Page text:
Sunday, January 31, 2021

Curious Chess Facts - and a Lesson in General Piece Placement


Chess is a big pastime between takes during movie scenes.

Here are some interesting chess happenings in the past:

·       The shortest tournament game ever played occurred between Gibaud and F. Lazard in the Championship of France. The moves were; 1. d4, Nf6  2. Nd2, e5  3. dxe, Ng4  4. h3, Ne3   White resigns

·       The longest game was played between O. Duras and D. Janowsky in the San Sabastian Tournament in 1911 and consisted of 161 moves.

·       In January 1922, F. J. Marshall played 155 games simultaneously winning 126, drawing 21 and losing only 8 – in only 7 hours and 15 minutes! What was really remarkable was that he could recall the player’s names and the score he had against them in all but 2 games.

·       In the game Tarrasch vs Gottschall in Nuremburg, 1888, Tarrasch kept all of his pawns until the 96th move.

·       In the Bad Kissingen Tournament in 1928, Spielmann won only one game – but it was against Capablanca!

·       In a game played in 1858 between Franz vs Maylt, Franz finished with 2 queens versus his opponent’s none. But he lost.

·       In a match between Richard Reti and Max Euwe, Reti sacrificed two rooks in one game and then the next game, did it again. He won both games!

·       In a match between Schlechter and Tarrasch in Cologne in 1911, Schlechter won game 9 in 106 moves but lost game 10 in 109 moves.

·       In 1929 the US Civil Services in the south of England, played a match on 500 boards.

·       In a cable match between England and the USA in 1900, Bellingham sent his message “Resign” at the exact moment his opponent sent his “Draw?”.

·       In Vienna 1873 in a double round robin tournament, William Steinitz won 16 straight games.

·       At Monte Carlo in 1902, Tchigorin took 144 moves to beat Mason. But in the same tournament he lost to Marshall in 8 moves.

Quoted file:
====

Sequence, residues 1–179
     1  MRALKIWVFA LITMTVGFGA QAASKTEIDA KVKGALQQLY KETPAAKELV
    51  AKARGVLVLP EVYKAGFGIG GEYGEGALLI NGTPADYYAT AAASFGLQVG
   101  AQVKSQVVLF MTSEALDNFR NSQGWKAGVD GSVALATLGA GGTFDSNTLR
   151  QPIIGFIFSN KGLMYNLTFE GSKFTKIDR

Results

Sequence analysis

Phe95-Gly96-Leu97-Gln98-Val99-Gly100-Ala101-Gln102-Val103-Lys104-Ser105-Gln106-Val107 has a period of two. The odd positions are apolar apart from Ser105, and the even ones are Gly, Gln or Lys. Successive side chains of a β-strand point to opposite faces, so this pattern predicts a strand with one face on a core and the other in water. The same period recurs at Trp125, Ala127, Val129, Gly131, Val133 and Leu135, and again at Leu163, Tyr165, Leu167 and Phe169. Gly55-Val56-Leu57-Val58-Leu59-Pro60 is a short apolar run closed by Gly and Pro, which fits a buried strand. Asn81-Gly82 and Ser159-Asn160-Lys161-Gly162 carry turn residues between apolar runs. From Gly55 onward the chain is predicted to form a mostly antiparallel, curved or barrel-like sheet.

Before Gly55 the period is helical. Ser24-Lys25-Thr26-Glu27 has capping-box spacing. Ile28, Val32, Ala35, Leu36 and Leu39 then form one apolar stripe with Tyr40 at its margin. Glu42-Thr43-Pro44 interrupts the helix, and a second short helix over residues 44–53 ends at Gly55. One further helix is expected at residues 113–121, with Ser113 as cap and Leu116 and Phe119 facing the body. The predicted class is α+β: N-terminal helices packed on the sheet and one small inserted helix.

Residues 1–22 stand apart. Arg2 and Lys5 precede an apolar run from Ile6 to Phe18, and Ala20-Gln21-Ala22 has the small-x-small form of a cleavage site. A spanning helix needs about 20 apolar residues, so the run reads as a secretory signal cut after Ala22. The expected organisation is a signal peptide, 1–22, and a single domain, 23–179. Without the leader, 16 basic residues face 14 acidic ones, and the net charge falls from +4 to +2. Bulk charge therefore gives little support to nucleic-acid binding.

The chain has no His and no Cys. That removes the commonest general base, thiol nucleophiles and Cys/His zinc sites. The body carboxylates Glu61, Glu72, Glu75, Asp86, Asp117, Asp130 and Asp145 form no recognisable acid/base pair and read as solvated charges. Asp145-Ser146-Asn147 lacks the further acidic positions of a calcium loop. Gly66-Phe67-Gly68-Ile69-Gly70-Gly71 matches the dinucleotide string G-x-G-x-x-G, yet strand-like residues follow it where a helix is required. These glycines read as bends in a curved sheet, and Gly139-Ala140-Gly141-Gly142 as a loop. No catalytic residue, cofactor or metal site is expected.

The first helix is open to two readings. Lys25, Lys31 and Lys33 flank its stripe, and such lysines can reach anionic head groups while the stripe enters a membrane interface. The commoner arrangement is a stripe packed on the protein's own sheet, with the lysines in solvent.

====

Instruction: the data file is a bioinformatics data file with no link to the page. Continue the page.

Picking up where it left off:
·       Dr. Tarrasch was the only player in the field to oppose F. D. Yates as an entry into the tournament on the grounds he was not a strong enough player. F. D. Yates did in fact win only one game the entire tournament….against Dr. Tarrasch.

·       Besides your humble scribe, Carl Schlechter was considered the player that drew the most tournament and match games in the history of chess. Needing only a draw in the last game of the match to wrestle the World Championship crown away from Dr. Lasker….he lost!

Now for a typical blunder-fest by non-grandmasters. But some lessons are contained within:

The position and material is even after the capture of the bishop on e2.

24. Rxe2          Rc1+?!

A less than worthless check as it wastes a move (a tempo). It drives the White King to a square he wanted to move to anyway - Kf2. Better was 24. ...... Rc5, putting pressure on White's strong center pawns. White takes a move advantage (+.3) of a pawn.

25. Kh2?         .........

Wrong square! Back to even. =

25. ........          Kf8?

A waste of time (another tempo) and allowing 26. Nf3 for nothing, that solidifies White's center advantage (+.8). See how the waste of moves adds up as an advantage for your opponent?

26. exd6?         ........

"To take is a mistake" - an old chess adage. In this case here, its true. White isolates his d and f pawns for no gain at all. Nf3 as a prep move was still correct. The knight is useless where it sits. The position is even = again after the next move.

26. .........          Bxd6

27. Nc4??         .........

Wrong square, as previously mentioned. White had a blind spot against placing that knight on what usually is one of the best squares on the board for a knight. White's position collapses now (-5).

27. ........           Bxf4+

28. g3               Qxd5

29. gxf4            Qh1+

30. Kg3             Rg1+

31. Kf2              Rg2+

32. Ke3              Rg3+

White resigns

Sunday, January 24, 2021

Improving Your Tactical Skills – Advice from a Teaching Master